[w3c sml] [4637] Construction of EPR Reference Scheme



This email will serve to "instigate" discussion of issue 4637 regarding
the EPR Reference Scheme.  See section 3.2.2.  (I fully expect this
"instigation" to raise controversies.)


The SML spec attempts to illustrate the creation of another reference
scheme (besides the URI scheme) using EPRs.  The initial version of this
scheme was rejected because of an unacceptable use of the
<wsa:ReferenceParameters> particle in order to contain information
identifying the document segment being referenced.  (The "wsa" namespace
refers to the namespace of the adopted WS-Addressing recommendation
http://www.w3.org/2005/08/addressing.)  While there are defenders of
this kind of use of ReferenceParameters (to contain resource
identification information), it is strongly rejected by W3C as
"inconsistent with the architecture of the Web".  (I have worked and
currently am working in several standards groups which have used
ReferenceParameters in this manner.  One group just decided to avoid all
talk of EPR construction; the other still adopts the identification role
of ReferenceParameters as central to its own architecture.)


The issue regarding the use of ReferenceParameters is sometimes
misleading represented as an issue over the opacity of
ReferenceParameters to client.  Making the issue one of opacity vs.
transparency of the ReferenceParameters misses the main issue.  The main
issue is, What is the referencing mechanism under the Web?  Where/How
should the resource identification information be incorporated into a
Web reference?  The architectural requirement of the Web is that all
such information be placed in the URL (essentially the <wsa:Address>
particle of the EPR), not spread out in other elements of the EPR.  It
follows that incorporating the identification information into the EPR
cannot be achieved by placing it in a "less" opaque element such as
<wsa:Metadata> or even an extension element.


To have an acceptable EPR scheme, therefore, the resource identification
information must be contained in the URL that is the value of the
<wsa:Address> element.  A case might be made for using EPRs under this
condition if the reference is to root element of the document (the URL
would essentially be the URL of the document itself).  However, we
encounter a problem in the case of referencing a segment, or fragment,
of a document.  As I understand it (although I haven't found anything
that explicitly says this), the use of fragment identifiers is
illegitimate in EPRs because they are handled by the client-servers
providing resources do not handle fragment identifiers in the
identification of the service being addressed.  On the other hand, could
the query component of the URI be used?  This seems dubious to me, since
a query must contain non-hierarchical data (which a document fragment
certainly is not).  Modifying the URL to reference a document fragment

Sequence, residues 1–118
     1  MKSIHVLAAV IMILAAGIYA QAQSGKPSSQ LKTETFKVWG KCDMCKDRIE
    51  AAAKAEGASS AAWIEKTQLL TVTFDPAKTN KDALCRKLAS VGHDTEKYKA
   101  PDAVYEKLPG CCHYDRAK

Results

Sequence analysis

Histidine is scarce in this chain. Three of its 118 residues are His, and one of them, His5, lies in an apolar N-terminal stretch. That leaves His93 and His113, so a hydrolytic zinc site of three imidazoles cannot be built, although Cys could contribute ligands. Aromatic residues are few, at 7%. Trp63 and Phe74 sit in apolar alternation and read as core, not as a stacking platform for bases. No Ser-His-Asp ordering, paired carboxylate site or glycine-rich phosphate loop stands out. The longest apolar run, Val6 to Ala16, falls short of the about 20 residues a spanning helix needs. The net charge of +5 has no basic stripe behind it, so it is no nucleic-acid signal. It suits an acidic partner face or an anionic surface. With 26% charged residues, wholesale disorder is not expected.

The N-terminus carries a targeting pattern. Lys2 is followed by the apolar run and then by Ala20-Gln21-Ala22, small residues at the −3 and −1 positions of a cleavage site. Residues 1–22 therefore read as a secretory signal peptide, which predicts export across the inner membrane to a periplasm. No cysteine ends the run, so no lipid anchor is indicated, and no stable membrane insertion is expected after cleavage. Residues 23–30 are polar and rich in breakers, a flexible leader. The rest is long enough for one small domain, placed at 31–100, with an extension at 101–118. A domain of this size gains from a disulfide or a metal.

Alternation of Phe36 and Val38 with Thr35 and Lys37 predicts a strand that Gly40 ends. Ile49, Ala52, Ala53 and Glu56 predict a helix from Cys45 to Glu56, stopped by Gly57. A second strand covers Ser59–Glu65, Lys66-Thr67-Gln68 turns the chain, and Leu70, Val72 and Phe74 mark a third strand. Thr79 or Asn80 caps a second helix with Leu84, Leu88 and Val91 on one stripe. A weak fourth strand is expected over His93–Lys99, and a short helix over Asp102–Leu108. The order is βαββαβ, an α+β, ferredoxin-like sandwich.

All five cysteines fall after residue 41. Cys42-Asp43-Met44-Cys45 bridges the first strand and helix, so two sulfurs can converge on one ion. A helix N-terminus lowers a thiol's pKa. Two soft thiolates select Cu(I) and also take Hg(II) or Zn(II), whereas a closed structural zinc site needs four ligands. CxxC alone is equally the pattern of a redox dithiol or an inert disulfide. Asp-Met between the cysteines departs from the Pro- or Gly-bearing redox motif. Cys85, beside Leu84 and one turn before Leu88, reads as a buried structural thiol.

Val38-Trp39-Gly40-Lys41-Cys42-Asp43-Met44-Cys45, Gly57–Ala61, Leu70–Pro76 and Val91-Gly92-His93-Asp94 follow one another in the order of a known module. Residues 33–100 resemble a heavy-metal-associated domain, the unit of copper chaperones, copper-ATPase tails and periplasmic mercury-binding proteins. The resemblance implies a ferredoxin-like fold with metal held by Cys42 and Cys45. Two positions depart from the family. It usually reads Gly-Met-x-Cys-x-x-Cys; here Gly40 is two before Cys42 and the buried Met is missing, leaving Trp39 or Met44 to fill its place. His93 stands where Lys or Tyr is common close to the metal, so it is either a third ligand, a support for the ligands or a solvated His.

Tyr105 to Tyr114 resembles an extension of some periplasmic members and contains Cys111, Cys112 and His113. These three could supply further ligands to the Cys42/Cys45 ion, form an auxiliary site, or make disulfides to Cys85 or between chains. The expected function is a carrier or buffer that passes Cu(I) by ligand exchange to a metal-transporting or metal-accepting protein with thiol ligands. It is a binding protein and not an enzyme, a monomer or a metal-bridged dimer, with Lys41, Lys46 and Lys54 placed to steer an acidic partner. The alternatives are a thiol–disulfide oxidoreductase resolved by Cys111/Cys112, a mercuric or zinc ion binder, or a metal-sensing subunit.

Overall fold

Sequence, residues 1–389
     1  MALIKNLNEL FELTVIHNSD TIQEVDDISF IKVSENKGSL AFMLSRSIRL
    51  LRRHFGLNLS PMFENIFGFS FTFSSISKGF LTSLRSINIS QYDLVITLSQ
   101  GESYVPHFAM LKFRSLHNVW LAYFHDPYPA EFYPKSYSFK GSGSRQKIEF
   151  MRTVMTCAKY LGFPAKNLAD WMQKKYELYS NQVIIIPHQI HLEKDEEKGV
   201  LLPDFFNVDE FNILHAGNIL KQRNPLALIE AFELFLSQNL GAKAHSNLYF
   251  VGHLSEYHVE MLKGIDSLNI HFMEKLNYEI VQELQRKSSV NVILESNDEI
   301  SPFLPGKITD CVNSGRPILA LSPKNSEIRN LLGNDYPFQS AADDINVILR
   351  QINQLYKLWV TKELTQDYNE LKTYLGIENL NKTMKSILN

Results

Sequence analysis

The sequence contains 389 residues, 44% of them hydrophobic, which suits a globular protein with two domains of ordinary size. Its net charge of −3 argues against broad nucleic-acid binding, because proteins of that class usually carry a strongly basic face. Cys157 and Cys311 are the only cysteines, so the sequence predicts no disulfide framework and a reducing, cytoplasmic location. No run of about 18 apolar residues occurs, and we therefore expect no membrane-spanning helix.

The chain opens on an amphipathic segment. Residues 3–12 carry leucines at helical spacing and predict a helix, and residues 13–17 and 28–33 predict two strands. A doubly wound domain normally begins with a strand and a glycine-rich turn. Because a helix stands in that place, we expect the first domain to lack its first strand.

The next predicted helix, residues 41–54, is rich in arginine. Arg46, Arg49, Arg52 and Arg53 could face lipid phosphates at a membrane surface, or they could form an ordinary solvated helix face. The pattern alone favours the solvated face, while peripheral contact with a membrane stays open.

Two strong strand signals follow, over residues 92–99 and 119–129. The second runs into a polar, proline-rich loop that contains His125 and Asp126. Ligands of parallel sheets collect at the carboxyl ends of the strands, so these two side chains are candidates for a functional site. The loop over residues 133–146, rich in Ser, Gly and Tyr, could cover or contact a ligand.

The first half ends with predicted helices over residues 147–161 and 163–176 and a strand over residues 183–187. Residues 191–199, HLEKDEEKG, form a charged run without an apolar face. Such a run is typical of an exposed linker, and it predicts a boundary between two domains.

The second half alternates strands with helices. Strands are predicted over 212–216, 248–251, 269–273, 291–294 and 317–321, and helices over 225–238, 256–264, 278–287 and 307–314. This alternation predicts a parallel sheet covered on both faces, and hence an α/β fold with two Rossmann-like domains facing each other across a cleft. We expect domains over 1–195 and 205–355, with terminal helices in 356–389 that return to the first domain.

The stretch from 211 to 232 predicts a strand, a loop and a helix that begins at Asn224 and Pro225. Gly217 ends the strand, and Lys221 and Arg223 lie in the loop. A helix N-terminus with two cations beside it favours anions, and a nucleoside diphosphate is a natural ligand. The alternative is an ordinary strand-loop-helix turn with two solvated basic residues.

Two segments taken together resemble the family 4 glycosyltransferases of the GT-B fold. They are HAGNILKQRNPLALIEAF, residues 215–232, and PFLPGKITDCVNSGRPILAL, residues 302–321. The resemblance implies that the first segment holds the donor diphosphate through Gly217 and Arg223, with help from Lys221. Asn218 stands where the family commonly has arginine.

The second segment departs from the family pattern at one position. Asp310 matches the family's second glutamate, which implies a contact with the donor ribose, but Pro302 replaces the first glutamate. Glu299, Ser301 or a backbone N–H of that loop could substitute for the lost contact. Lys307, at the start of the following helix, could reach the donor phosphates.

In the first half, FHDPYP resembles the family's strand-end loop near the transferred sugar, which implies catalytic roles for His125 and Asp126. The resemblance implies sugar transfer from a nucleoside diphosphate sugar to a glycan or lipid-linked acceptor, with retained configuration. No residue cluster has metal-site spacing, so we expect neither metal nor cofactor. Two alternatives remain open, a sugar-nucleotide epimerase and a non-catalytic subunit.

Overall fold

appears to be the only solution to sustaining a robust EPR reference
scheme that is consistent with the semantics of EPRs; however neither
the query component nor fragment identifiers seems to be a possible
course to address achieving this scheme.  (Ok, I'm "instigating" here


Indeed, I'm wondering what is the use-case behind the creation of a
document reference scheme using EPRs.  Typically, EPRs are provided by
services to clients so that those clients have a means (and possibly
other relevant information) to establish an active connection with those
services.  I suspect the use-case for the EPR reference scheme involves
a SML consumer that is actively going out to an information resource (in
real time), which is addressed by the EPR, to obtain some information
contained in the document that the information resource makes available.
There are protocols to accomplish this exchange, e.g.,
WS-ResourceProperties (OASIS), fragment-level "get" in WS-Management
(DMTF), and WS-ResourceTransfer (unaligned).  This exchange cannot be
accomplished simply through the EPR.  What must the EPR scheme look like
to satisfy this use-case?  We would need the EPR in order to address the
resource, but we would also need to know the message exchange protocol
and the structure of the SOAP Body (or in one case, an element of the
SOAP header - !) that specifies the query for the desired fragment of
the document.  (The query language can range from referencing a single
child of the document root to a full XPath expression depending on the


If the conclusions reached here are plausible, then I would suggest that
the minimum course is to remove the EPR reference scheme from SML and
let it be defined by a separate effort.  (Now I'm trying to be
provocative. :-).)


Kirk Wilson, Ph.D.
CA Inc.
Research Staff Member, CA Labs
Intellectual Property and Standards
Council of Technical Excellence
W3C Advisory Committee Representative

Tele: + 1 603 823-7146
Fax:   + 1 603 823-7148


Received on Friday, 24 August 2007 12:58:00 UTC